SKYNET Is Here, At Least For The NSA


According to documents released by Edward Snowden, the NSA whistleblower, the intelligence organization uses a program they call SKYNET to analyze location and communication records in order to detect suspicious patterns from bulk call records.

In the off chance you are unaware, SKYNET was the name of the military computer system in The Terminator movies that became self-aware and subsequently attempted to exterminate the human race through nuclear war and armies of robots.

The information about SKYNET appears in a series of NSA slides dated June 2012 which describes the program, which according to The Intercept was used to wrongly label an Al Jazeera journalist as a member of Al Qaeda.

According to the presentation, the NSA uses its version of SKYNET to identify people that it believes move like couriers used by Al Qaeda’s senior leadership. The program assessed Zaidan as a likely match, which raises troubling questions about the U.S. government’s method of identifying terrorist targets based on metadata.

Further leaked documentation indicates that over 55 million Pakistani cell phone records were dumped into the system, and SKYNET then analyzed the data based on questions such as “who has traveled from Peshawar to Faisalabad or Lahore (and back) in the past month? Who does the traveler call when he arrives?” and specific behaviours like visits to airports, overnight trips, excessive SIM or handset swapping, and receiving incoming calls only. The NSA measured SKYNET’s success by noting that 21 of the top 500 potential matches that SKYNET found were previously on other NSA surveillance or watch lists.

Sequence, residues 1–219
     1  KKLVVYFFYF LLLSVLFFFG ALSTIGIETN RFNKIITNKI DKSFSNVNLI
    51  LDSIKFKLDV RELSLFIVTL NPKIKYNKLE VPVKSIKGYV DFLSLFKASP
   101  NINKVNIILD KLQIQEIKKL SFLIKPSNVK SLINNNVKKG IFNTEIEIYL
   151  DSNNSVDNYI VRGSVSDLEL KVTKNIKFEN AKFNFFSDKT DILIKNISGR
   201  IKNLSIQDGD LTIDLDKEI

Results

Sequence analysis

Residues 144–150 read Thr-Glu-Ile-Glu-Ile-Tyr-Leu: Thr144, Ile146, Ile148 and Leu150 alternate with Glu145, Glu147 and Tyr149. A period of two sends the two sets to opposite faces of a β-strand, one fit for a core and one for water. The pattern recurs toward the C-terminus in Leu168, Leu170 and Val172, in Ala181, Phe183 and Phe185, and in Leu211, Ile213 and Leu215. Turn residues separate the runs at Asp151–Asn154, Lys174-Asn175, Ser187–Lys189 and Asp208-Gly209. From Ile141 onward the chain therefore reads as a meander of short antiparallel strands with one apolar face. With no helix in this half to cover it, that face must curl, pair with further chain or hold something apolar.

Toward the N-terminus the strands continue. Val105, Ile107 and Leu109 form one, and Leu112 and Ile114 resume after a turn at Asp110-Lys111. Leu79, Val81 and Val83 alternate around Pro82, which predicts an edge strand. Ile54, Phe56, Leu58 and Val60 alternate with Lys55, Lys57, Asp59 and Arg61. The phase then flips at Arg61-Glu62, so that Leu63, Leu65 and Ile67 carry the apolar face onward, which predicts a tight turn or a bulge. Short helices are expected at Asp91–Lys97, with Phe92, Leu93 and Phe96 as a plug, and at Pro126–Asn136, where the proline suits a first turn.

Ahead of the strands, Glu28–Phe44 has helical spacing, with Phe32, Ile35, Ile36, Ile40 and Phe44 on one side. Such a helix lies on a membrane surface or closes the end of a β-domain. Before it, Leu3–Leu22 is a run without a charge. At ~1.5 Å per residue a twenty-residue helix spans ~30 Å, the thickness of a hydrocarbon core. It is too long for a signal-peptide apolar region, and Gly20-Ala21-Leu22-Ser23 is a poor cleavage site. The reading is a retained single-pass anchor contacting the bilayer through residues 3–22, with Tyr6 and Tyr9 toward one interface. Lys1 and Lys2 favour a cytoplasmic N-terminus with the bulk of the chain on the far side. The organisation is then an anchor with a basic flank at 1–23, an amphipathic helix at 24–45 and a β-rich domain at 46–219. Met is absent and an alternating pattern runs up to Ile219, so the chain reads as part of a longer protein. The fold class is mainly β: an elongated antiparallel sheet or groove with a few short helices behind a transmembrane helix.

The fact that the NSA has and uses this technology aside, either they’re big fans of SKYNET or have no idea of what they may have just unleashed on the world.

Let us know what you think about the NSA using the SKYNET moniker for one of their data analysis computer programs? Let us know in the comments below, or on Google+, Twitter, or Facebook.

  Source: The Intercept
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